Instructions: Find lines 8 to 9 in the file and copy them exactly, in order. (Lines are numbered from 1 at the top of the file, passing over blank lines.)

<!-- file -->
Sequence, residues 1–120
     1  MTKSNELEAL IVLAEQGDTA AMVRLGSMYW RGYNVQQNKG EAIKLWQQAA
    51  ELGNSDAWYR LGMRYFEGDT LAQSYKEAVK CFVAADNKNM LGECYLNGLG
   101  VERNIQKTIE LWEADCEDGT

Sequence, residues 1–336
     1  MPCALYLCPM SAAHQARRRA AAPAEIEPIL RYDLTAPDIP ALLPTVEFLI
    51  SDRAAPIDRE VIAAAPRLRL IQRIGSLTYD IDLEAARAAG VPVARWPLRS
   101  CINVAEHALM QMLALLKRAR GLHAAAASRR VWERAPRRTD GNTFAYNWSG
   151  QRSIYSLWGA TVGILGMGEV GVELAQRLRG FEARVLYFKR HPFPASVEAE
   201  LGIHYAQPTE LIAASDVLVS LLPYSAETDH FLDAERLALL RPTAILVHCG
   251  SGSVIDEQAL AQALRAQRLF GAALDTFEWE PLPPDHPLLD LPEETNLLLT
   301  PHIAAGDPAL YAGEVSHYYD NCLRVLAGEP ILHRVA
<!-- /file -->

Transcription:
   101  CINVAEHALM QMLALLKRAR GLHAAAASRR VWERAPRRTD GNTFAYNWSG
   151  QRSIYSLWGA TVGILGMGEV GVELAQRLRG FEARVLYFKR HPFPASVEAE